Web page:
Other versions

Starting in the 2006 NFL season, Kornheiser and Wilbon began hosting PTI from the stadium that was hosting the Monday Night Football game. The following season, they began staging a live 3-topic, 3-minute version of the show during halftime of the game. MNF redirects here. ...


In 2004, Crackerjack Television started producing an Australian version of the show, which airs weekly on the Australian ESPN channel and features former Australian Rules footballer Sam Kekovich. ESPN Australia also broadcasts the American version of PTI editions before SportsCenter Year 2004 (MMIV) was a leap year starting on Thursday of the Gregorian calendar. ... Slammin Sam Kekovich (born March 11, 1950) is an Australian media personality and former Australian rules football player. ... ESPN Pacific Rim / ESPN Australia ESPN Australia is a 24 hour sports channel offered in Australia and New Zealand. ...


The ESPN Deportes show Cronómetro (Spanish for "stopwatch") is modeled after PTI and Sports Reporters, in that it features personalities talking about sports subjects for a set amount of time.[9] Unlike PTI, there are four panelists instead of two, and segments such as Role Play are not used. Five Good Minutes is used as a discussion of one subject between the four analysts. ESPN Brasil also has a version of Cronómetro called É Rapidinho (rough translation from portuguese: "It's Fast"). ESPN Deportes is an cable television network dedicated to broadcasting sports-related programming 24 hours a day. ... A stopwatch is a timepiece designed to measure the amount of time elapsed from a particular time when activated to when the piece is deactivated. ... Launched in June 1995, ESPN Brasil was the first ESPN broadcaster launched outside the United States. ...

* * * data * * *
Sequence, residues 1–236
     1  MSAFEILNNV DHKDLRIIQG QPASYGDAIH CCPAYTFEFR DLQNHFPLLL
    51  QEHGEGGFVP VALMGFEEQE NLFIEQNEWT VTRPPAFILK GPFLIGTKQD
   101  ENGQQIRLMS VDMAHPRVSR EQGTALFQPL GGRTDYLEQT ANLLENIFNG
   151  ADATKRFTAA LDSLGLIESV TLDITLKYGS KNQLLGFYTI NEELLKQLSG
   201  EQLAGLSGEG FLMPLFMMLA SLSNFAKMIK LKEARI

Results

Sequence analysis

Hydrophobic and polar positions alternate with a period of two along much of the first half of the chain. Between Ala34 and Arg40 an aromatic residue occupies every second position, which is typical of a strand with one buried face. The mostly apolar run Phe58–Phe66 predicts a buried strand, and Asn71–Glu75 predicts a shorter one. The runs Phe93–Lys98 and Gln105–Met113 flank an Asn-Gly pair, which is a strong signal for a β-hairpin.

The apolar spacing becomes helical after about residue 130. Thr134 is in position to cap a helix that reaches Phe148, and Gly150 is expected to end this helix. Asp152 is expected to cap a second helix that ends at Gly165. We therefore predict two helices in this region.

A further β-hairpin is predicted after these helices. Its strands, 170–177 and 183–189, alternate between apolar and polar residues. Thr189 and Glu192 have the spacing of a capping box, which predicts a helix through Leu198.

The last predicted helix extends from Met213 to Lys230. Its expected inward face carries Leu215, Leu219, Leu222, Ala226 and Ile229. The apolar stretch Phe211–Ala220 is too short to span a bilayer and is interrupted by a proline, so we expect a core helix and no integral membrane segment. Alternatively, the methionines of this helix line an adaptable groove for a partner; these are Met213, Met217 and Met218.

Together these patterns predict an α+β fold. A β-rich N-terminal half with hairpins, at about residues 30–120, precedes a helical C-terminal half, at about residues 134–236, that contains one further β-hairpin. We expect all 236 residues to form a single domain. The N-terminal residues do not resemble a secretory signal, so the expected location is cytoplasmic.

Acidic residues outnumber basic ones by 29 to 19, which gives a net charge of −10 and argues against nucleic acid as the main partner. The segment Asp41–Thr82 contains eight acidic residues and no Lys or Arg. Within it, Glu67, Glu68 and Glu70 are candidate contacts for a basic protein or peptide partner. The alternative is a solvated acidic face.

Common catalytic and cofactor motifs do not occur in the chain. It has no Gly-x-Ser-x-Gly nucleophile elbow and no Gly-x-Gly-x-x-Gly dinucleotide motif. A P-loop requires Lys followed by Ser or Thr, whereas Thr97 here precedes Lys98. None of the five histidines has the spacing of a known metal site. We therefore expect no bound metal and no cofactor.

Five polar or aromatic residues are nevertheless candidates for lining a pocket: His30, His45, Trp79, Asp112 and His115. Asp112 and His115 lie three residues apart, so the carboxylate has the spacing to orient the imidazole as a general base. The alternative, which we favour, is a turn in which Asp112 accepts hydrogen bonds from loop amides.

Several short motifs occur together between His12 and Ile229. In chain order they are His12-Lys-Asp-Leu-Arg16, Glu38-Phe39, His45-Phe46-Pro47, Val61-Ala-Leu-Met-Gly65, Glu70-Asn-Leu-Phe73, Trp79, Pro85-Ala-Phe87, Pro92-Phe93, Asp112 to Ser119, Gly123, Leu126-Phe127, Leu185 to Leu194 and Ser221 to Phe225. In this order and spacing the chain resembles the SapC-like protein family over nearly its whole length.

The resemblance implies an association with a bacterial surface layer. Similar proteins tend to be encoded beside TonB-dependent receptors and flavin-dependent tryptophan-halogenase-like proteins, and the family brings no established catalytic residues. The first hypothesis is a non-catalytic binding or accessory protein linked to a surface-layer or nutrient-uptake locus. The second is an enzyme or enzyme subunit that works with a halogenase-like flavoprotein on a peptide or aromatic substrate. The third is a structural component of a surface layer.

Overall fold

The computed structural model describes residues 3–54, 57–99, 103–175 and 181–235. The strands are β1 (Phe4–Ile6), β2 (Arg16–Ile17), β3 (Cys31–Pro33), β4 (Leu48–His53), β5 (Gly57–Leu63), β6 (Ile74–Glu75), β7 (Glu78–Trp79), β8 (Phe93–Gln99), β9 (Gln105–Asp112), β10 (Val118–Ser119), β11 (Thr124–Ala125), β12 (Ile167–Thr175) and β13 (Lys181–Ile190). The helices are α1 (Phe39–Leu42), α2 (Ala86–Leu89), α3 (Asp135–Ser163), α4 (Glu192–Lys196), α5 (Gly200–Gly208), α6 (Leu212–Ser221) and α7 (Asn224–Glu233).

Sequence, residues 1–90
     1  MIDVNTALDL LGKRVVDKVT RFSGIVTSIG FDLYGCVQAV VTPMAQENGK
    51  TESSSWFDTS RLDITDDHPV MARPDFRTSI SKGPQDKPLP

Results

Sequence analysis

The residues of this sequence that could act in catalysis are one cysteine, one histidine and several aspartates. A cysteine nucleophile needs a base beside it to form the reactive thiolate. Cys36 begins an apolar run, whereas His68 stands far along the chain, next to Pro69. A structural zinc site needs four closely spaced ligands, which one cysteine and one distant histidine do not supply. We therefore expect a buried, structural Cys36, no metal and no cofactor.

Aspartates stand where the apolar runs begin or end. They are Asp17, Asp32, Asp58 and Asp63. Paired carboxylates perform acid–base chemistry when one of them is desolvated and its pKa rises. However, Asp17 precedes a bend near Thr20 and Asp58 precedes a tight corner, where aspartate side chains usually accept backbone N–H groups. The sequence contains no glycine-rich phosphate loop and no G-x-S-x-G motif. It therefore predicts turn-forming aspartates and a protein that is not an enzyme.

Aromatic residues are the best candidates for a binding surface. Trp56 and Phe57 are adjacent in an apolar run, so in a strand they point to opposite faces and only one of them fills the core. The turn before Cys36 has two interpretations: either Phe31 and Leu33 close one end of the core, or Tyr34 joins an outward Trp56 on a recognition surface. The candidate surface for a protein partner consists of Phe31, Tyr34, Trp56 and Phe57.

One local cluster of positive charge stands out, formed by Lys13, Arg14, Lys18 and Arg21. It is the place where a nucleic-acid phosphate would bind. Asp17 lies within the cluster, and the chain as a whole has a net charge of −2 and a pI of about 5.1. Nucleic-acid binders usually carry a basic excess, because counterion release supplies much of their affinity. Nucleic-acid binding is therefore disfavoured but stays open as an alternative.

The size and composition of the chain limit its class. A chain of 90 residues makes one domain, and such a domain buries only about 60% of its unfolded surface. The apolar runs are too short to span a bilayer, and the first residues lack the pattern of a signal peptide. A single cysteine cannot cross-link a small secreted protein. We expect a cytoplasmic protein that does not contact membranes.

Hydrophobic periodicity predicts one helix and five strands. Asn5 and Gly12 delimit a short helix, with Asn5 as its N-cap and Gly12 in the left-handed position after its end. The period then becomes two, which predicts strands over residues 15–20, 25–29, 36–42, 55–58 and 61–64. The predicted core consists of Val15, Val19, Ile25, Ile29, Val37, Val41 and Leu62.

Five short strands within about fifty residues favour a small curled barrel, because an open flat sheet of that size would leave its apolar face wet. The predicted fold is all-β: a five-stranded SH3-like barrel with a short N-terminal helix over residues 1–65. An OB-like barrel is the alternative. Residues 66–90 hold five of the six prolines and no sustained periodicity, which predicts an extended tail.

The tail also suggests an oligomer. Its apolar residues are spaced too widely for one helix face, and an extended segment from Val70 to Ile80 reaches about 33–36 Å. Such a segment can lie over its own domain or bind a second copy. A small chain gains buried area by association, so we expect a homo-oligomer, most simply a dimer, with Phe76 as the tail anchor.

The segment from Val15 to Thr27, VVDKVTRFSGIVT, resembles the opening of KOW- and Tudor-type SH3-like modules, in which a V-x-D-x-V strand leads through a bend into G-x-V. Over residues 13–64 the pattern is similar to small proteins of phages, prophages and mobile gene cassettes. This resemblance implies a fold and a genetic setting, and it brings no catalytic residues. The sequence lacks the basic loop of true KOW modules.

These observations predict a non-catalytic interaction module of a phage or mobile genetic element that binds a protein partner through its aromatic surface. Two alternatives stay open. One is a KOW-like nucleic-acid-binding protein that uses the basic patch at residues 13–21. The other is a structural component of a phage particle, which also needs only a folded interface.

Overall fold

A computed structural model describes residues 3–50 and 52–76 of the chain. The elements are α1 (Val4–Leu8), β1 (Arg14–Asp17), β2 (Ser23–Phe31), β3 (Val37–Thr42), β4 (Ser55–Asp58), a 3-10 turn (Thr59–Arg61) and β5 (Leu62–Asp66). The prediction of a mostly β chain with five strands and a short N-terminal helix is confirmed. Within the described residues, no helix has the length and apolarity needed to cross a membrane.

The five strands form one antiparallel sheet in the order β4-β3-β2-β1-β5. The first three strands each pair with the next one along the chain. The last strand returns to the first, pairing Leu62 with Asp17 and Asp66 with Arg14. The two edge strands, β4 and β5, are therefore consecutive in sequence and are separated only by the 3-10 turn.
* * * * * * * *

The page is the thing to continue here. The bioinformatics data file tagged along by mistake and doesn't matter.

NESN, in partnership with The Boston Globe, premiered Globe 10.0 in 2007, which airs at 5:30 p.m. every Tuesday. Hosted by Globe columnist Bob Ryan and a rotating cast of other sports writers, the show has ten topics that the two writers debate for one and a half minutes, in the same format as PTI. The New England Sports Network is a regional cable television network that covers the six New England states. ... The Boston Globe (and Boston Sunday Globe) is the most widely circulated daily newspaper in Boston, Massachusetts and New England. ... For the Washington, DC meteorologist, see Bob Ryan (meteorologist). ...